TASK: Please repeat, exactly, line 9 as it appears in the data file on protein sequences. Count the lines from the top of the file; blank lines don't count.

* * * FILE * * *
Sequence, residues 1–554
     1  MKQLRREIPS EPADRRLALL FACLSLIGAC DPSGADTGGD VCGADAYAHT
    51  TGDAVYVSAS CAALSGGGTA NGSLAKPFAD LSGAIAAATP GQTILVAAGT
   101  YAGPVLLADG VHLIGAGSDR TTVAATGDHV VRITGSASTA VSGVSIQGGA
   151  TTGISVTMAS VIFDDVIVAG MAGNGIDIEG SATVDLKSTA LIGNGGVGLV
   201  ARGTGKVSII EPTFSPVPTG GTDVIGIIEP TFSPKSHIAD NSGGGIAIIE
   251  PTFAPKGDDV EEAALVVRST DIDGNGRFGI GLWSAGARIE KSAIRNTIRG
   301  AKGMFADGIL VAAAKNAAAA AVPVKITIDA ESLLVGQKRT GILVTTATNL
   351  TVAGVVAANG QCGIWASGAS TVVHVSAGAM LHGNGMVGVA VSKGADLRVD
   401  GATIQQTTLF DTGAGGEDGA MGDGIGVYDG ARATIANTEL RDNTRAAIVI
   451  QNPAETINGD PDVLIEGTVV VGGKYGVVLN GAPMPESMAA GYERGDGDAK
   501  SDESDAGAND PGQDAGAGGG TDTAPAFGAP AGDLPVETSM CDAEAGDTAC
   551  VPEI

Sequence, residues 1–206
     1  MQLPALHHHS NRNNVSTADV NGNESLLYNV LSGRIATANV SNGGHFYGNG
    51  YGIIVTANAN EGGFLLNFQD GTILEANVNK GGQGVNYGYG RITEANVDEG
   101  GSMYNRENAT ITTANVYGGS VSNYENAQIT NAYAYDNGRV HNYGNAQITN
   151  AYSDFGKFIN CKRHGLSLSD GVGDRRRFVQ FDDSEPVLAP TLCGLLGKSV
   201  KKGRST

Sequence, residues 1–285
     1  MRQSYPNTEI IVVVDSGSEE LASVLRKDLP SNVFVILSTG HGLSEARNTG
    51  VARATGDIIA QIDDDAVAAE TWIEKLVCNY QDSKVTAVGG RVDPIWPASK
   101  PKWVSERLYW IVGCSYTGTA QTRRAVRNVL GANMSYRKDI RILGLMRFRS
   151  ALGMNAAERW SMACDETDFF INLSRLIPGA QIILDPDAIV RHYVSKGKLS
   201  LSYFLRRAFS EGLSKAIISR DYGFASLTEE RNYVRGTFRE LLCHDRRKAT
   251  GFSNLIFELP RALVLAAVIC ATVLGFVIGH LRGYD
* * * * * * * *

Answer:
   351  TVAGVVAANG QCGIWASGAS TVVHVSAGAM LHGNGMVGVA VSKGADLRVD